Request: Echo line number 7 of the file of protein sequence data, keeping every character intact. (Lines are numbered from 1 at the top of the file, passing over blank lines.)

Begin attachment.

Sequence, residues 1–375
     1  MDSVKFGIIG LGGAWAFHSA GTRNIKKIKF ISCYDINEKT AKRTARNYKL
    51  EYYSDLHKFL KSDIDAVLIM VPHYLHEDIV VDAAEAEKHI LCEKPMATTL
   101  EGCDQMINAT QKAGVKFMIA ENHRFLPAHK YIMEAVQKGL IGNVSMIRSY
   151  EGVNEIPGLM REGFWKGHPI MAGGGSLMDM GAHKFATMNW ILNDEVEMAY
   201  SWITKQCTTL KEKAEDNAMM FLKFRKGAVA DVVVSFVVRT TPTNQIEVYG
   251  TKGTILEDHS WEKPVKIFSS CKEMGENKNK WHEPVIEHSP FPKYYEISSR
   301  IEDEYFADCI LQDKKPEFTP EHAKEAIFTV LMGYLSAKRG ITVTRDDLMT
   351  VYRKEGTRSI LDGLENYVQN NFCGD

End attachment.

   251  TKGTILEDHS WEKPVKIFSS CKEMGENKNK WHEPVIEHSP FPKYYEISSR